On August 13, Wine, along with four other MPs and dozens of others were arrested and beaten while campaigning for the opposition in Arua, a town near the border with the Democratic Republic of Congo. During the operation, security forces shot and killed Wine’s driver. Museveni was also in Arua that day, stumping for the ruling-party candidate. After the campaigns ended, the president’s convoy collided with a procession of opposition supporters on a main road, and, according to witnesses, ran some of them into the ditch by the side of the road. The police claim that members of the angry crowd began shouting and throwing rocks, one of which broke the window of one of Museveni’s vehicles. On social media, many have questioned this claim, since pictures showed the window in question to have been cleanly removed, with no hanging shards of glass, and in any case, presidential vehicles are normally armored, bulletproof, and impervious to stones.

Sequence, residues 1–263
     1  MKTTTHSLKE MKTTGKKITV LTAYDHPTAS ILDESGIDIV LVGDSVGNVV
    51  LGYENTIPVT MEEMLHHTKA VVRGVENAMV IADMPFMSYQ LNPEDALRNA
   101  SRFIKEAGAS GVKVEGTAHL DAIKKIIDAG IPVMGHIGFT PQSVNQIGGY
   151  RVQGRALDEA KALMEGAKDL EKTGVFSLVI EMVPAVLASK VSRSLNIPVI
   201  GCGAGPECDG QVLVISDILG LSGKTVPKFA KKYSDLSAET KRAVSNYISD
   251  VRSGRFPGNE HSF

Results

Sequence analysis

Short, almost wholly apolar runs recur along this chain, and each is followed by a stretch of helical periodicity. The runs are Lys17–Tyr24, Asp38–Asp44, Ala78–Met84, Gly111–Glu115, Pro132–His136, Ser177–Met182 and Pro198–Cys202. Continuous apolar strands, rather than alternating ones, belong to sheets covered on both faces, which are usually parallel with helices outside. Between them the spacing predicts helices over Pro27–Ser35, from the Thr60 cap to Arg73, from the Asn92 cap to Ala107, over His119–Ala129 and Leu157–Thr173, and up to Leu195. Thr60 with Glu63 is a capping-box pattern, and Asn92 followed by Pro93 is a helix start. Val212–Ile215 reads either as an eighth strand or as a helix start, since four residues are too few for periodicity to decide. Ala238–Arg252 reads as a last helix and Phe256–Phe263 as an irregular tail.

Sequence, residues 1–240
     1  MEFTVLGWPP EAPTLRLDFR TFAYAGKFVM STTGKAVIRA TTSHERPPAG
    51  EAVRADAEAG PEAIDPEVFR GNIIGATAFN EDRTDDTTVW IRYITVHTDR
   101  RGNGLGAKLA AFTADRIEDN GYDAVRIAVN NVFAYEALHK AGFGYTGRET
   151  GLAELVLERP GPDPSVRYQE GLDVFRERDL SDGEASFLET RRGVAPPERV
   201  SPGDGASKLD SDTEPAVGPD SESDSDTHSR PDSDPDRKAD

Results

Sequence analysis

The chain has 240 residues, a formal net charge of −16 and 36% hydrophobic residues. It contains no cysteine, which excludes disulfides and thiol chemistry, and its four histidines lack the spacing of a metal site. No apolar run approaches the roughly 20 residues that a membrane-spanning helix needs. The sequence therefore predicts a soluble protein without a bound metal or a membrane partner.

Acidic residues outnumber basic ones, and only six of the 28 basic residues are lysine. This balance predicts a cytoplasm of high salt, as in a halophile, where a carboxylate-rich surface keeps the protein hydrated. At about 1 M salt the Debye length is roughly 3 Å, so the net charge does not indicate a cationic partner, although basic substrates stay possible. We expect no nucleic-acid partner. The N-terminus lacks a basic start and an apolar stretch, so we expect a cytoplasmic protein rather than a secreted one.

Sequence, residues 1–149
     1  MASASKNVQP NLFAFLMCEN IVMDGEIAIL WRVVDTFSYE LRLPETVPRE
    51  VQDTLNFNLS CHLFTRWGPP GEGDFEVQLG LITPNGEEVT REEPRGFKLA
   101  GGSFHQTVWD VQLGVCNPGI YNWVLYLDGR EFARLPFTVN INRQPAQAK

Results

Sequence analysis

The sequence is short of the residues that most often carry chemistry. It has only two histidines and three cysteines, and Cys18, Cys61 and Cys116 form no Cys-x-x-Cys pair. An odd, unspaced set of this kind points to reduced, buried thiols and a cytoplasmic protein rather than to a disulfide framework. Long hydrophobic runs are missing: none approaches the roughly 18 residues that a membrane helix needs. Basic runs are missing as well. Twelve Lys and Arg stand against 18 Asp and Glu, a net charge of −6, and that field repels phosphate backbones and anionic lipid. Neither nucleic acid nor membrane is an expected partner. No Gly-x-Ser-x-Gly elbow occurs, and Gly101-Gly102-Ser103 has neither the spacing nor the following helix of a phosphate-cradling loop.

The convoy delivered Museveni to his waiting helicopter, and then unleashed terror, arresting and torturing Wine and the others. The detainees, who included members of the opposition campaign team as well as bystanders who happened to be on the scene, have all been charged with treason. When they emerged from a police bus for a bail hearing on August 27, several, including Wine, were on crutches and had to be carried down the steps. Wine and several others are scheduled to be flown out of the country for specialized treatment in the coming days.